28 October, 2009

Ohhhh... McCarthy!

In 9th grade English I was introduced to Arthur Miller's seminal drama, "The Crucible." After reading the play, our teacher had us watch clips of Senator Joseph McCarthy, the senator that spearheaded the Red Scare in America, to have us draw conclusions between the action in the piece of fiction and the reality of what was happening in the early Cold War between America and the Commies. In class we really did refer to them as the Commies.

I had never felt more filled with absolute rage and loathing. Watching Senator Joe McCarthy accuse innocent people blindly was more than my bleeding liberal heart could handle, even if the whole incident had happened 4 decades before I was born. I was Outraged, capital O. This had taken place in the United States?! It was Unfair. It was Unjust. I hated him! I Felt for every Man. I HATED Senator Joseph McCarthy!!! 

I was so adamant about this hatred of "the Senator" (sometimes I couldn't even bear to speak his name aloud) that my family took on some of this animosity too. When they met with something bad or unjust in life they took to shaking their fists in the air in what I like to refer to as "The Fist of Justice," and proclaim "Ohhhh- McCarthy!" My sister Kate still uses the phrase to this day. I'm sure this perplexes some people.

But this story is not about a Senator named Joseph Raymond McCarthy. This story is about a boy named Jimmy.

After reading the Crucible, the second time in my life when I again felt such animosity towards another human being came three years later on one particularly innocuous fall day. The animosity had nothing to do with communism.

I was a care-free senior in high school now. My twin sister and I did too many after-school community service activities, leadership councils, and sports teams. We were never questioned about having a hall pass. Life was good. We felt so cool** because we drove to school everyday in the car we shared, a gift passed down to us by our older sister Keely. This is a story about the that car we loved. About the car that we shared. The car that was named Etta.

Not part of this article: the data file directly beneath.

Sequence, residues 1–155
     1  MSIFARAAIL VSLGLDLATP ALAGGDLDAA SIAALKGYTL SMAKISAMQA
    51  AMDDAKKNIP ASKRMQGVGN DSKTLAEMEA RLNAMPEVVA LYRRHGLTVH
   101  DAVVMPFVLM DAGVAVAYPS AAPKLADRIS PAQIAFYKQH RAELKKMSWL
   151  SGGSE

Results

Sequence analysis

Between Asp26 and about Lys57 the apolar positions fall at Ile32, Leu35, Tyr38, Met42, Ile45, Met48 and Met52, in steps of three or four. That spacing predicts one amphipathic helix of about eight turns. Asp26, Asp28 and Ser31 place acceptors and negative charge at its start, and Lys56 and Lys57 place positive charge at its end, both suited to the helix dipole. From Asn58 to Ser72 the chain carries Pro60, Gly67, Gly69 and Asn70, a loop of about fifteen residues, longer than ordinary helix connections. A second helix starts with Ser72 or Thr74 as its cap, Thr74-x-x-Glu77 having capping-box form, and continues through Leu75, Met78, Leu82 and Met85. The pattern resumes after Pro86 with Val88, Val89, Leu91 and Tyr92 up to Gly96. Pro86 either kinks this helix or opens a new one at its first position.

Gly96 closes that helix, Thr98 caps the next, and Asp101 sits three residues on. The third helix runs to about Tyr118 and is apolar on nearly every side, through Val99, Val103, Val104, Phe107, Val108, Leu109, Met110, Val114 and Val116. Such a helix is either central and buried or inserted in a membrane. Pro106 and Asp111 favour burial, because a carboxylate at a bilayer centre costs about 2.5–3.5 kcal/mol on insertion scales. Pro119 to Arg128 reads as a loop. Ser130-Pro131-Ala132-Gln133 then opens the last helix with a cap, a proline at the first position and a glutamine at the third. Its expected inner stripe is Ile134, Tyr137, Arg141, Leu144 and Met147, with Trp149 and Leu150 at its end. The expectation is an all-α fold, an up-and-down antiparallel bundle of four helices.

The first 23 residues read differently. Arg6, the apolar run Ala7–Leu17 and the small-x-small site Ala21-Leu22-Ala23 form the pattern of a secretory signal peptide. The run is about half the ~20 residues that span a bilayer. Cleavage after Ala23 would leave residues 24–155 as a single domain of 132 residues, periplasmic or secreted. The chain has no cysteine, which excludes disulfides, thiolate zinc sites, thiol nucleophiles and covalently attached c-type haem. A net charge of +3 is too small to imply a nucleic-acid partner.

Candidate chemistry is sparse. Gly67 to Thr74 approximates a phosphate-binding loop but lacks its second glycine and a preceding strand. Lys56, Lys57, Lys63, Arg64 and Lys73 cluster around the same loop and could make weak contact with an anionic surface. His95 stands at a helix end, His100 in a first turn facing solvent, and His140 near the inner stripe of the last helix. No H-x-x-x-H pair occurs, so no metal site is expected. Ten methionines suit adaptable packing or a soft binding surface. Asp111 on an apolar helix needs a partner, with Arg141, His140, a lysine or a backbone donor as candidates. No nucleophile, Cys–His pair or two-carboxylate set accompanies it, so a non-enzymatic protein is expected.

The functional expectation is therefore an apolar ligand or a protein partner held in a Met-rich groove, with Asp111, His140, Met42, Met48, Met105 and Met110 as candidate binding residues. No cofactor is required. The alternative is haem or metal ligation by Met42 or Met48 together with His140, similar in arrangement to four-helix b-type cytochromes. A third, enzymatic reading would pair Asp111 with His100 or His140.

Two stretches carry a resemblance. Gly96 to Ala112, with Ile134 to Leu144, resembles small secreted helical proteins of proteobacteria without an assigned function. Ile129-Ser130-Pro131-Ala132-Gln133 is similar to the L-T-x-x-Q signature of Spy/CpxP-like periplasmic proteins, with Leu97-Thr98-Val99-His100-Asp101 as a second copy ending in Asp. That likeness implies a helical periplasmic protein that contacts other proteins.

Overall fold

She was a black Toyota Camry. Made in 1987, an excellent year for both Camrys and twin girls being born. She was the color black and spunky, so Keely had christened her Etta (after James. The highest compliment in her book.) Etta had plush seats, seat belts that worked most of the time, and a pair of pink dice that hung off the rear view. She had a working radio, and rust on the bumper that couldn't be helped. Etta was our ticket to the good life.

Chel and I loved Etta L-o-v-e-d. She was freedom and a spare closet wrapped up in one. We had clothes, shoes, sports equipment, notebooks, and cds littering her dash and seats. She was cozy, and she felt like another home. For the drives to school we often chose upbeat, driving songs to carry us to school at the bright (ungodly) hour of six thirty, for Chel had to arrive at school early for before-school Honors Chorus. I had to go because we shared the car. The car that we loved.

The boy named Jimmy was a member of Chel's swim team. I knew him well enough. He seemed "nice."***

After classes let out there was a unspoken system in the school parking lot. Cars and buses filtered out using the zipper method, wherein one car goes, and then the opposing traffic has a car go, etc etc until everyone is happily chugging on their merry way. Chel and I were exiting our school's long driveway, zippering correctly. As we always did. I was driving.